But back to the positive lessons from Europe: Satellite those cells! Pitch the plastic! Have two-speed flushes!

Everywhere I travel, cell phone reception is clear and available, and that goes for the beaches in Phuket, the high mountains of Peru and the countryside near Paris. So why won’t my “mobile” work here? The answer is that they use satellite technology while we rely on towers.

Restaurants all over Europe are now prohibited from serving water in plastic bottles. Want Perrier or Evian? It will come to your table in reusable glass carafes. True, stores can still sell spring water in plastic, but just limiting them in restaurants makes a huge difference. So does eliminating plastic bags. Increasingly, shops are providing cloth carriers for those who haven’t brought their own “carry bags.” And kudos to airlines like Lufthansa that have eliminate plastic eating utensils in economy class!

As for toilets with two flush buttons – not all flushes require as much water – bravo to that technology. And to the windmills that grace the landscapes of Europe, dancing their unsynchronized ballets in the breeze.

European countries are not perfect. (Italy could use a lesson in road signage, not to mention driver etiquette.) But they are older than America and like wise grandparents they have things to teach us. We shouldn’t, as adolescents are prone to do, turn our backs thinking we know better.

When traveling abroad, we need to look, listen, and learn. What better place to contemplate those lessons than in a sidewalk café, sipping café au lait or a glass of chilled pinot before a superb meal in the local tradition?

Paying Attention to Climate Change Before It’s Too Late

Once more the pictures say it all: Oil-covered wildlife struggle to survive. Sludge doesn’t just clog the waterways, now it slinks like a threatening snake down suburban streets. People wonder if they will recover and worry that their homes may not be livable.

The potential for disaster should a pipeline be allowed to run from Canada to the Gulf of Mexico was made clear by the recent oil spill in Arkansas. It also, as Sen. Bernie Sanders (I-Vt.) said, “raises the broader question of “whether we continue to be a carbon-based economy or whether we finally recognize that if we don’t get a handle on greenhouse gas emissions that this planet is going to be facing some disastrous problems in years to come.”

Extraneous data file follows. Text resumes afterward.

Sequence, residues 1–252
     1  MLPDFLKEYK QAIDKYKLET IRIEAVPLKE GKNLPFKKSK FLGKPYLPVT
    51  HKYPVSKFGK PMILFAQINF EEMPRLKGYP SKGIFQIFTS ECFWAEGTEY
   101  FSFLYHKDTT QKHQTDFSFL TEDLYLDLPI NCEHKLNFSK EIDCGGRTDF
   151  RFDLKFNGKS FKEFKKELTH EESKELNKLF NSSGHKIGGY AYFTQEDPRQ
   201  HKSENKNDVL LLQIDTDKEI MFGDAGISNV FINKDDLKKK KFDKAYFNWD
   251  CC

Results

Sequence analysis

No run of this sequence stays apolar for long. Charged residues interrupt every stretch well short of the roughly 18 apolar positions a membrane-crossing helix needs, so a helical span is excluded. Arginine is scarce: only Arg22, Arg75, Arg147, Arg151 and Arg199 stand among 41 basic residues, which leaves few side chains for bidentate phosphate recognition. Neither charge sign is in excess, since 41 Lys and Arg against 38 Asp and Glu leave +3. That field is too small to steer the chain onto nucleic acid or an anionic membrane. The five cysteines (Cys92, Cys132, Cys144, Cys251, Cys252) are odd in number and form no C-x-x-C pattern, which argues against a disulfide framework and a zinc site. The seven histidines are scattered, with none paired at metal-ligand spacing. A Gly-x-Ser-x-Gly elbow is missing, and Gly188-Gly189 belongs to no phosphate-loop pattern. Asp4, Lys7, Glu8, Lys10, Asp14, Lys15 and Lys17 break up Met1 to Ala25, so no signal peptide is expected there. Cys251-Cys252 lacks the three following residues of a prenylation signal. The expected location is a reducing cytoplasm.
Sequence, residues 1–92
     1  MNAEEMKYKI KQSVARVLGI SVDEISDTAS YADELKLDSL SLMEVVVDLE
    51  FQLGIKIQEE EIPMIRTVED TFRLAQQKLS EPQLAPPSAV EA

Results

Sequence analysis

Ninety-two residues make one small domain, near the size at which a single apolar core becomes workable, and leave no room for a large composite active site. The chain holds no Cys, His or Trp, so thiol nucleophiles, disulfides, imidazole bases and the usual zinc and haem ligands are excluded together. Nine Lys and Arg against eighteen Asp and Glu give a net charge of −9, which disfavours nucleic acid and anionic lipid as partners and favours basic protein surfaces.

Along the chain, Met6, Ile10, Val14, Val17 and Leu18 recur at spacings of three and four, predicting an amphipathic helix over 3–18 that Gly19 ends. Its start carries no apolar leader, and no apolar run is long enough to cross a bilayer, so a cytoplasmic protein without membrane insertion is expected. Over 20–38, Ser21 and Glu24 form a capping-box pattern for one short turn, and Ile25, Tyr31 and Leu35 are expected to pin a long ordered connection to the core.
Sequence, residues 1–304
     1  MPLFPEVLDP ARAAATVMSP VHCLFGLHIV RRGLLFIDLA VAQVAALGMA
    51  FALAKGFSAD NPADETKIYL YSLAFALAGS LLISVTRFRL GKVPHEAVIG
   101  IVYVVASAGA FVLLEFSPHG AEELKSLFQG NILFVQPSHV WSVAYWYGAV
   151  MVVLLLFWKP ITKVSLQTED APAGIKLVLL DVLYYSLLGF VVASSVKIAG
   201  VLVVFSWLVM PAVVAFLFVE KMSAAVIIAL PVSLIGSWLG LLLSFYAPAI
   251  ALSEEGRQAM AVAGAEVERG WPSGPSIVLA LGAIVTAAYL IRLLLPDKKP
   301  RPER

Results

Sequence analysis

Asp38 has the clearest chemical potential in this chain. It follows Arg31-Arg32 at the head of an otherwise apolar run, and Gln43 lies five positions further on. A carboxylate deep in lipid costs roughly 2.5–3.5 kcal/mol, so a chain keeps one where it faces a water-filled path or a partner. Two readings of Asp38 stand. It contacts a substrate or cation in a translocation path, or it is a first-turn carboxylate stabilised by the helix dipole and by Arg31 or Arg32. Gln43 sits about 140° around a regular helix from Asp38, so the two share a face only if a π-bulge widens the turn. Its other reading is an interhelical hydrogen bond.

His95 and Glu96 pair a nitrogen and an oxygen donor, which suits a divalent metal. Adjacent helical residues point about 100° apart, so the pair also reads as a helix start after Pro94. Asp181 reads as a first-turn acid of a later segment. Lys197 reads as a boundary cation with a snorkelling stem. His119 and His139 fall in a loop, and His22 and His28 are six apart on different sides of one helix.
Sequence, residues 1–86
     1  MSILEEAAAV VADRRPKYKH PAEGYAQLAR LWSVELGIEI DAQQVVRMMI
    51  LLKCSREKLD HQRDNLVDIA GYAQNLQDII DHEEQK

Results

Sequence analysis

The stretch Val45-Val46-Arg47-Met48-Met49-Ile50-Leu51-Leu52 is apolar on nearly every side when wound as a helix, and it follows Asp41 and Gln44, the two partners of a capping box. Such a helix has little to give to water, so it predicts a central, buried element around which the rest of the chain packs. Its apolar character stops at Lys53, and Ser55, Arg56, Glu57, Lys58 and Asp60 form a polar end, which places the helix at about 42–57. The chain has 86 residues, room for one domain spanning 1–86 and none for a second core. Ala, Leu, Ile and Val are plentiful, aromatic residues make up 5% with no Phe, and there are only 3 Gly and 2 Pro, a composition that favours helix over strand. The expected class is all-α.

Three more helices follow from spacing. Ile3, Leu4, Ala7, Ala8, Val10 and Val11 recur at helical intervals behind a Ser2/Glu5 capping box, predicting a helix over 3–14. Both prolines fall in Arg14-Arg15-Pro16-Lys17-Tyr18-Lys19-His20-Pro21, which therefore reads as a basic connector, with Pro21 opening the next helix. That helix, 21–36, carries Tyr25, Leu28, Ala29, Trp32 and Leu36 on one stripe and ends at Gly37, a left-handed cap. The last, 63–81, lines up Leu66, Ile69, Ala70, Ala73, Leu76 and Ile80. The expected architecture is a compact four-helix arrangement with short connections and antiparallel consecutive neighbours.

Sen. Sanders told an MSNBC audience last month that according to scientists who have testified at Energy and Environment Committees, the damage coming from global warming is worse than previously thought. “What they’re now saying is if we don’t get our act together and start cutting in a very significant way greenhouse gas emissions, we’re talking about this planet heating up by eight degrees Fahrenheit by the end of the century. That is calamitous for this planet.”

Mr. Sanders isn’t the only source of alarm. Climatepath, an organization comprised of environmental and climate scientists, lists several facts on its website that should worry us. Based on their report “Climate Change 2007: The Physical Science Basis: Contribution of Working Group I to the 4th Assessment Report of the Intergovernmental Panel on Climate Change (IPPC),” a group of scientists has concluded that “we have not yet seen the more dramatic changes resulting from warming, which has led many to complacency. Like a tsunami, we may not recognize the threat until it is on top of us. The truth is out there.”

Among the conclusions in the report submitted to the IPCC, the leading body for assessment of climate change established by the United Nations and the World Meteorological Organization, are these: Fossil fuel and agriculture have drastically increased greenhouse gases, the radiant forces of increasing these gases is warming the planet, the warming will continue and accelerate if no action is taken, and it will have severe consequences.